User interfaces for computers are modeled after familiar places like offices and houses (hence "folders" and "windows"). But in this design project, called Signterior, architect Nobuhiro Nakamura uses a computer-like interface to help people to navigate a large Shanghai office and shopping structure. I often think this is what the future would look like if I could travel to it: A bewildering world filled with signs and directions I can't parse. Check out a few more oddities of signage that Nakamura created.

This is the office area in the Signaterior center in Shanghai. It's marked with a bronze color to remind people that they are in the office area. Directions to shopping areas are marked in gold, while those to "SOHO Areas" are silver. I have no idea what a SOHO Area is.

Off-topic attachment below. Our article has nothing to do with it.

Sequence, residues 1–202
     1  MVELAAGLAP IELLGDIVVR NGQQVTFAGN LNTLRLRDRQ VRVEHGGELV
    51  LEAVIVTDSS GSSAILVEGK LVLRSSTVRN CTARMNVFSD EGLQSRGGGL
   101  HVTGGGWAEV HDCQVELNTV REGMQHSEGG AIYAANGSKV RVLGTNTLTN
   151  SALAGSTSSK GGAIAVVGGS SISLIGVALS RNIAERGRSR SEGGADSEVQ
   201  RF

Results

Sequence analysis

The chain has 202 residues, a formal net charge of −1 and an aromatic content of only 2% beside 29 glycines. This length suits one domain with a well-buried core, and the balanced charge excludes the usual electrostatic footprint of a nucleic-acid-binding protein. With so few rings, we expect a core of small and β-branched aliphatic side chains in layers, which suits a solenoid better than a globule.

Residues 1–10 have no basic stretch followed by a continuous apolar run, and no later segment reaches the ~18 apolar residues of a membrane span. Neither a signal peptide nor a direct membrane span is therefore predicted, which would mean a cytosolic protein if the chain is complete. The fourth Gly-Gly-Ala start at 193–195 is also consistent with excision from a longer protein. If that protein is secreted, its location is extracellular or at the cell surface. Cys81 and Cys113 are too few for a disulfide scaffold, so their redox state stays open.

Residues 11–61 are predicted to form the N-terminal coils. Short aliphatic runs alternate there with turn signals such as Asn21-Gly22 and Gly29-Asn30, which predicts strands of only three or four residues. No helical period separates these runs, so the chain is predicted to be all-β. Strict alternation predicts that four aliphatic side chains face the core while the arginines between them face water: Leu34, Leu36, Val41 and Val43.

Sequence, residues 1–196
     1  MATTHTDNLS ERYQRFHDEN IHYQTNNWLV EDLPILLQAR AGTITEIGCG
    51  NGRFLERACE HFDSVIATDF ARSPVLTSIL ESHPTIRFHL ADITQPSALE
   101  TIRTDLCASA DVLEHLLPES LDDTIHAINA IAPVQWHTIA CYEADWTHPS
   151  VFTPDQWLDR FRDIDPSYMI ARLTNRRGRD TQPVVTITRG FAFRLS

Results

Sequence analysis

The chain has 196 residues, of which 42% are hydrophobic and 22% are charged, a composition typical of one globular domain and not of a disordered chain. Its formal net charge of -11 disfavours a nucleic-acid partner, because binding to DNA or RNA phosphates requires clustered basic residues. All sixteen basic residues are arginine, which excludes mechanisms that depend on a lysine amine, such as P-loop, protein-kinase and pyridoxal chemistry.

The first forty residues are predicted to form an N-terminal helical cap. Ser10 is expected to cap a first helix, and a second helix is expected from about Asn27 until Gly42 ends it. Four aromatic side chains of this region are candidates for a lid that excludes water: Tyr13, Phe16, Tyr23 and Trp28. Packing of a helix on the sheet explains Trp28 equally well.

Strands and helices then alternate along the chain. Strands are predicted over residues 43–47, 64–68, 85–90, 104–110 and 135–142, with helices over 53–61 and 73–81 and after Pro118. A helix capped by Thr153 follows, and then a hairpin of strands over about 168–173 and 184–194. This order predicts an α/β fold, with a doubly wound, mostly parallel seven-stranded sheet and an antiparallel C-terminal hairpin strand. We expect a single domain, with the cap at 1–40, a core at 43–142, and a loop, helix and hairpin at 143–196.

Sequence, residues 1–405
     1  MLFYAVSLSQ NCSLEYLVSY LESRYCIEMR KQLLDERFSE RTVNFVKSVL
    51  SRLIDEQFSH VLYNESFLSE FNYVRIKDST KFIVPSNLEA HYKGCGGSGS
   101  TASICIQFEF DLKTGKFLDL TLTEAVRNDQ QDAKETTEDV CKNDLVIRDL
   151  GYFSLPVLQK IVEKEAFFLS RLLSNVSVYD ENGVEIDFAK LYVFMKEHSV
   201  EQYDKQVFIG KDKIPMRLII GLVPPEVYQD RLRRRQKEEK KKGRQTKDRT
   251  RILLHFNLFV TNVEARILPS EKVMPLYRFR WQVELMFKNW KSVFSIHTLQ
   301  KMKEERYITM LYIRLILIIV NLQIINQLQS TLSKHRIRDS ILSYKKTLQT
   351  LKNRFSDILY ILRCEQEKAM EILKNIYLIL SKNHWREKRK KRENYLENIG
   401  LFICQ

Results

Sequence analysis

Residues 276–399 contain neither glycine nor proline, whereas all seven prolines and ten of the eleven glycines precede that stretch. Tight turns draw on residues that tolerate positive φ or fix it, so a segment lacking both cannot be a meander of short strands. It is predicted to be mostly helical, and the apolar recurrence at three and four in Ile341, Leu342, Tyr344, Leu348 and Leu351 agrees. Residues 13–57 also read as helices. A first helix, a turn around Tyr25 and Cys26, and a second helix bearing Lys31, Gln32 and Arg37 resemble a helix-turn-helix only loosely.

In this central area, color-coded floor markings direct people to elevators that will take them to either the office or shopping area.

Here is an area near one of the building entrances. Elevators to the different parts of the building are color coded as usual, and marked in glowing numbers to indicate which floors each elevator will reach. Again, this makes perfect sense except that none of the numbers I see here seem to correspond to anything like a floor number. And yet I'm sure if I worked in this environment every day, it would make perfect sense to me and the directions would become second nature. Signterior [via Dezeen]